Understanding formation and repair of 8-oxoG damages in the nucleosomal DNA atomic simulation
Stage · Stage M2 · 6 mois Bac+5 / Master Laboratoire de Chimie ENS de Lyon · Lyon (France)
Date de prise de poste : 8 janvier 2024
DNA repair, Nucleosome, Molecular Dynamics,
Light, oxidative stress or exogenous molecules can modify the well-designed structure of DNA by
inducing nucleobases lesions. The accumulation of these damages can hinder the DNA transcription
or replication and lead to mutations, cell apoptosis or cancers. As a consequence, numerous studies
focus on the elucidation of the mechanisms of damages formations or their repair by dedicated proteins.
Because of the complexity of the DNA molecule in its biological context, the problem becomes rapidly
combinatorial, involving sequence, structural and dynamical effects. Indeed, beyond the double strand
structure, the DNA polymer is wrapped around a core of eight proteins call histones to form
nucleosomes. This specific and dynamical environment mechanically constrains the DNA
conformation and creates an heterogeneous electrostatic field, which impacts the physicochemical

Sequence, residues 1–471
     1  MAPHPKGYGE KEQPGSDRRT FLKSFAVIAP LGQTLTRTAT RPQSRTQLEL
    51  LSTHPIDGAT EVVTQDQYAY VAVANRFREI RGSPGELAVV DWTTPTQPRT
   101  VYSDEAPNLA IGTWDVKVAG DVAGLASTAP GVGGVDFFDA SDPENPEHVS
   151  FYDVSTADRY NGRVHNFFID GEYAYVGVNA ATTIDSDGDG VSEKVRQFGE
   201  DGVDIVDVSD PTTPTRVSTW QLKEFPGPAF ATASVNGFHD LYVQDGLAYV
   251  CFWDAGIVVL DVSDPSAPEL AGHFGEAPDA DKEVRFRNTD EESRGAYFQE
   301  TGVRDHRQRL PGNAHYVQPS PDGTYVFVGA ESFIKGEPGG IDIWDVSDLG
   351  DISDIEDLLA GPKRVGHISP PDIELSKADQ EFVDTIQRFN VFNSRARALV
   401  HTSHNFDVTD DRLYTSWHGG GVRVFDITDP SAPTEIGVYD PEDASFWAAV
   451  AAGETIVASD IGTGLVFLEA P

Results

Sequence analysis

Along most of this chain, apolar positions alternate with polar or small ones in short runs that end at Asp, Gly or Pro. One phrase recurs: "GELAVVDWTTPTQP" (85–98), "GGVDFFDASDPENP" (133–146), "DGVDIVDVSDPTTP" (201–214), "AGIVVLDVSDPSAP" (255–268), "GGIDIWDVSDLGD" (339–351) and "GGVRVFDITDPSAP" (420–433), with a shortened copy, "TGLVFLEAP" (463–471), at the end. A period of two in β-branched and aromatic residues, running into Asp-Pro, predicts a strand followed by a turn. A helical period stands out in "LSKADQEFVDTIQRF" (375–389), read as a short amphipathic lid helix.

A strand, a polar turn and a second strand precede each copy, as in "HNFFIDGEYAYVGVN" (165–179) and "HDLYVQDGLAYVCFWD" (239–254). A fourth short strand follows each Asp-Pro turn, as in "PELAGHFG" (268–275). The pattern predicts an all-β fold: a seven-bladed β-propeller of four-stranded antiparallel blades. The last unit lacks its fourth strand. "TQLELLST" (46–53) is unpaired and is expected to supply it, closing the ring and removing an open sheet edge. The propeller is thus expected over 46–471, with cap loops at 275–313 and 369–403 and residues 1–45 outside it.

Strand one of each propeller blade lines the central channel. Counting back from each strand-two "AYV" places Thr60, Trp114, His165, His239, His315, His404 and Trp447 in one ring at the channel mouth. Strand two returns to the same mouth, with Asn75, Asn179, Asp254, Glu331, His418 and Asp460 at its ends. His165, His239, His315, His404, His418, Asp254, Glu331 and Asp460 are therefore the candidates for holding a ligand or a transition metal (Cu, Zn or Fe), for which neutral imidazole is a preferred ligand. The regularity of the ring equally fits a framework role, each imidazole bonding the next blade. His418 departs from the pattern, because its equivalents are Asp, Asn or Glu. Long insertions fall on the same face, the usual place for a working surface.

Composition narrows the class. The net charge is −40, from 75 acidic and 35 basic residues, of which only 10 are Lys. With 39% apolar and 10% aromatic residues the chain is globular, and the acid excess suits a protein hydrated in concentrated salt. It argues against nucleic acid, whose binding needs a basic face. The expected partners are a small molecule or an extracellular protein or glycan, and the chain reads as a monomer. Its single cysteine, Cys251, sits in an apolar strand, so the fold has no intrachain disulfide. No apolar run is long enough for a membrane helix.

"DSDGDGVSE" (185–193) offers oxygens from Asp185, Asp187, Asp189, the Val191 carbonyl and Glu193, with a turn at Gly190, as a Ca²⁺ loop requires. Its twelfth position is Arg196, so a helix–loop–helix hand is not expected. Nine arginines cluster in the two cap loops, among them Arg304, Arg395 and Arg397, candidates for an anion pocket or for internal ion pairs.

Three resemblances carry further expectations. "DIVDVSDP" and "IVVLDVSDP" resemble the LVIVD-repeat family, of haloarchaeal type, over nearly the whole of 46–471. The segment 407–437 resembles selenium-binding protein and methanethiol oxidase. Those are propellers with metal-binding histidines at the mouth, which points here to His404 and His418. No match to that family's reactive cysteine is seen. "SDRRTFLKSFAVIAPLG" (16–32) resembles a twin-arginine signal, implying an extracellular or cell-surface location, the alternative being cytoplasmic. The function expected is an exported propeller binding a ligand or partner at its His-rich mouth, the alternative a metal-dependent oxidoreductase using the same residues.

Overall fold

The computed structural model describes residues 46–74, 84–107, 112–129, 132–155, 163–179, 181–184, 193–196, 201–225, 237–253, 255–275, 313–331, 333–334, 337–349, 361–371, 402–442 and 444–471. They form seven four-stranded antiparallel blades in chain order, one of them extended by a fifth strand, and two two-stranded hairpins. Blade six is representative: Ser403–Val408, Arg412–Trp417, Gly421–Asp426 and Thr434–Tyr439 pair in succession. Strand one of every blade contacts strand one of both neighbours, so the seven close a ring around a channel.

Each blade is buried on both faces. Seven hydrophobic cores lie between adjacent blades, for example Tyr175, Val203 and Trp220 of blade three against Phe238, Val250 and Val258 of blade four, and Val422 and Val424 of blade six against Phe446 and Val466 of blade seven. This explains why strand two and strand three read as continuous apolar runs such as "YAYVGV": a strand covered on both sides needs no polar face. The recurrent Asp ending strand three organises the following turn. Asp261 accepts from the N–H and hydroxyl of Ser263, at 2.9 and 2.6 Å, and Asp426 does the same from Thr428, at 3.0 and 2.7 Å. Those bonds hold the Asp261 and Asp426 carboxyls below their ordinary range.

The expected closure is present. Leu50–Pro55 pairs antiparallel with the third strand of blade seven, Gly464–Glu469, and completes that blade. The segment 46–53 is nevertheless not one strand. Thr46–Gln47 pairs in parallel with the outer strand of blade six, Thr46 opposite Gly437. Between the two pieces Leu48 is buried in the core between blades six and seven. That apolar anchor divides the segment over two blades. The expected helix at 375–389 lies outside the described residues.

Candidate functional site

properties of the nucleobases, their reactivity and their accessibility to protein interacting with DNA.
In this project, we focus on the 8-oxoguanine damage which results from the oxidation of a guanine.
This damage is known to modify the DNA conformation, and also to evolve to secondary damages
and abasic sites because of its redox properties. On the other hand, it is recognized by several proteins
such glycosylases for its repair. We thus plan in this project to use classical molecular dynamics
simulations to explore the conformational behavior of the 8-oxoguanine in the context of nucleosomal
DNA its possible interaction with repair proteins. These methods have been successfully used in our
group for simulations of damaged nucleosomal DNA [2-4] and of glycosylase-damage DNA
interaction . We aim to go further in the analysis of the combinatorial mechanisms at play in the
damage behavior in the nucleosomal DNA environment by inclusion of dedicated machine learning
approaches. This project is part of a collaboration with an experimental group at IAB, Grenoble, to
propose a repair mechanism hypothesis involving different proteins. The simulations performed during
this master will be helpful to decide which damaged sequences will be selected for the experimental
and computational studies of protein and nucleosome interplay.
The candidate must have a background and/or interest in physical chemistry, biochemistry or
molecular biology. Competences in programming, computational chemistry or bioinformatics are also
welcomed. PhD application is open in the continuation of this master project.
Procédure : Send a CV with a covering letter by mail
Date limite : 15 décembre 2023
Offre publiée le 11 septembre 2023, affichage jusqu'au 15 décembre 2023